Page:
FCC is an owner-operated company, which also allows drivers to drive new vehicle models from the top automotive companies. Salaries for drivers vary, but worker reviews for the company are generally high.

CDL Training: A Career Move You Should Consider

Choosing to get a commercial driver’s license is one major decision, but deciding which one happens to
be another. There are several classes of CDL licenses you can choose from. We highly recommend that
whichever license you choose, that it fits your career goals and lifestyle. This takes planning.

What are the three CDL classifications?

There are three classes of CDLs: Class A, Class B, and Class C.

Class A CDL:

A Class A CDL is required to operate any vehicle with a weight of 26,001 lbs. or more. This can include
flatbeds, tanker-trailers, livestock carriers, and the like.
Generally, those with a Class A license are allowed to drive vehicles in the other two classes, if they have
the right endorsements.

Class B CDL:

According to the Department of Motor Vehicles, a Class B CDL is required to operate “A single vehicle
with a GVWR of 26,001 lbs. or heavier and/or any vehicle as described above that is towing another
vehicle weighing up to 10,000 lbs.”
This can include school buses, delivery trucks, tour buses, city buses (such as garbage trucks), etc.

Class C CDL:

If your vehicle is meant to transport hazardous materials or doesn’t meet the criteria for a Class A or
Class B license, it more-than-likely falls into the classification of a Class C. Class C criteria is also meant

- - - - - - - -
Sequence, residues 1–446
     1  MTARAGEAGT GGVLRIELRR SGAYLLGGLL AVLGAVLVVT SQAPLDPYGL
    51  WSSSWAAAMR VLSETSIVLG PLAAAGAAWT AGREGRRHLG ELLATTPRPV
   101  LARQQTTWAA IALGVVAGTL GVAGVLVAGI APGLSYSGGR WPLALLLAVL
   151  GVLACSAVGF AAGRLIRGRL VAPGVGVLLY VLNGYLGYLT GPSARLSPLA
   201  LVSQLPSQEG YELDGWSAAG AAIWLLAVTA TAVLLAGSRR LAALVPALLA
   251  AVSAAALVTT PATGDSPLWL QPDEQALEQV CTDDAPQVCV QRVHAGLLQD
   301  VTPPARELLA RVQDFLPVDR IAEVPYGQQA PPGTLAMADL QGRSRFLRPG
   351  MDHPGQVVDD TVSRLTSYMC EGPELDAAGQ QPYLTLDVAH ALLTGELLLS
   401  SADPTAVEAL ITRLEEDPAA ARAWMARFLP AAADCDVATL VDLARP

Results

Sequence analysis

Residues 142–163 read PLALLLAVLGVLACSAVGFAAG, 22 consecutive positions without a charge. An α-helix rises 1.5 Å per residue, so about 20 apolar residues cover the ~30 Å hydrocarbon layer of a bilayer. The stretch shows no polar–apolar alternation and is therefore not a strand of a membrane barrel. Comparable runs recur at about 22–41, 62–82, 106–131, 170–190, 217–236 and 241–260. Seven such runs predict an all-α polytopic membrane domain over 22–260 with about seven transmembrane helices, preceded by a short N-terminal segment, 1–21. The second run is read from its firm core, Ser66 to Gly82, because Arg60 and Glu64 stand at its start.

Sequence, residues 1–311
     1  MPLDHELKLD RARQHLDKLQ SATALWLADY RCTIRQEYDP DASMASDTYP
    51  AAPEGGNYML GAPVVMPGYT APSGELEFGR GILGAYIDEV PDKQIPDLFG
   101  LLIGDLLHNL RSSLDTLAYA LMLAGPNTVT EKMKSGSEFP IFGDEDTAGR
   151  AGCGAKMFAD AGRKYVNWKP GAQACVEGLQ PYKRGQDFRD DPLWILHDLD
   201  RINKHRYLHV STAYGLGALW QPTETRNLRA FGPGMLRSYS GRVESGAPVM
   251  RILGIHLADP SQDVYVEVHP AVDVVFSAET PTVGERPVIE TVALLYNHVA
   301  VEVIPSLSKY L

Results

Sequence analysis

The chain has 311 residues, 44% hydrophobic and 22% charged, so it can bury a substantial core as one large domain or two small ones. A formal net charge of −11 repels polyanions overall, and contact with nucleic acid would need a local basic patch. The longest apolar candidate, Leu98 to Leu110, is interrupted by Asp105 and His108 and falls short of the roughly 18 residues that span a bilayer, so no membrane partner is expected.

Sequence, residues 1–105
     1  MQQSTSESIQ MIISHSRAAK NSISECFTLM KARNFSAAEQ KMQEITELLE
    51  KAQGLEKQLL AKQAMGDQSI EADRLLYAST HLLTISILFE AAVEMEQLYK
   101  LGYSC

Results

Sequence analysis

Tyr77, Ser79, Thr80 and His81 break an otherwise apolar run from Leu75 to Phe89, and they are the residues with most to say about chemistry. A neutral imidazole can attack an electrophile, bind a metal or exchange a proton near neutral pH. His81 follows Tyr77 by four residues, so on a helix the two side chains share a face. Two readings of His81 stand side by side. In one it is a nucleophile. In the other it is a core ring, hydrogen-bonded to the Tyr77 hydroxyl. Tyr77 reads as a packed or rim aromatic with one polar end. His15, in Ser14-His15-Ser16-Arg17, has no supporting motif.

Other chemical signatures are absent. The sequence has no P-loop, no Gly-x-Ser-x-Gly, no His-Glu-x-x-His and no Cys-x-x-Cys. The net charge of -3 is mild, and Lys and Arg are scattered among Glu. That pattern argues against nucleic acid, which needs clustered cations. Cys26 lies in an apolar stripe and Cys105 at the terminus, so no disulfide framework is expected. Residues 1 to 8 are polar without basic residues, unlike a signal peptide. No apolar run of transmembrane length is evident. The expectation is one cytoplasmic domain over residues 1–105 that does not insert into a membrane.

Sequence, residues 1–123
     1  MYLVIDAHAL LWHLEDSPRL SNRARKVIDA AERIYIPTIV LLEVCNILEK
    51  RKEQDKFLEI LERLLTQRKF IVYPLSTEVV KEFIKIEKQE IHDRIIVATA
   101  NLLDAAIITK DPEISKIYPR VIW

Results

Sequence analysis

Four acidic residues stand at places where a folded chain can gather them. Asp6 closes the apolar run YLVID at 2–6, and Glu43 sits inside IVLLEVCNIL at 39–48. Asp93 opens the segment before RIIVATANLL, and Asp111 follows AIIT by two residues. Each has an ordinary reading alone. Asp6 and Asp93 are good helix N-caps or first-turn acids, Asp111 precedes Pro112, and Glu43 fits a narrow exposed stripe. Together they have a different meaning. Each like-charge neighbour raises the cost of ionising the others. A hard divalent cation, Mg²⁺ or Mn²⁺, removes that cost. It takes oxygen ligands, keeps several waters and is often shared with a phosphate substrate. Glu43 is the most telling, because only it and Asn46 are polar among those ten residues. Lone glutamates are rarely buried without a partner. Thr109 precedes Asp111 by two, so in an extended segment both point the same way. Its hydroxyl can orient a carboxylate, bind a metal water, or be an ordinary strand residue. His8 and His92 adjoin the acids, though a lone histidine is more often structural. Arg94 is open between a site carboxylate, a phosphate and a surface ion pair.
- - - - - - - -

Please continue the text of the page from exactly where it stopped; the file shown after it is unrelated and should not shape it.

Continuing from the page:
for vehicles transporting 16 or more people, including the driver.

Generally, Class C is normally required for smaller truck vehicles.

The benefits of obtaining a Class B CDL

Let’s face it, most people love the idea of traveling to unfamiliar places and checking out the unique
scenery during long road trips — but if you have a family you’d like to see on a regular basis, while still
having the benefits of operating a large vehicle, then training for a Class B CDL is right up your alley.
With a Class B license, you have the opportunity of becoming a well-paid truck driver, while still coming
home every night. There’s also one of the biggest draws of obtaining this type of license: options.

Class B drivers have the option of focusing on being a tow truck driver, school bus driver, garbage truck
driver, construction site driver, and more. This license allows you to explore whatever industry you’re
interested in. There’s almost always a regular need for good drivers in this class.

Also, it’s easier to train in driving a bus than it is an 18-wheeler.

What’re the requirements for obtaining a Class B CDL?

The main things you’ll need is to be 21 years and over, with a good driving record. That’s the foundation.
You’ll have to take the Department of Transportation’s physical and drug screening, and it’s important
to find a good training school. Our training center can help prepare you for your exams.
Our Class B course is over within a week, giving you ample time to learn what you need to successfully
pass your exam and take your career to another level. Our goal is to help you get on the road as safely
and soon as possible.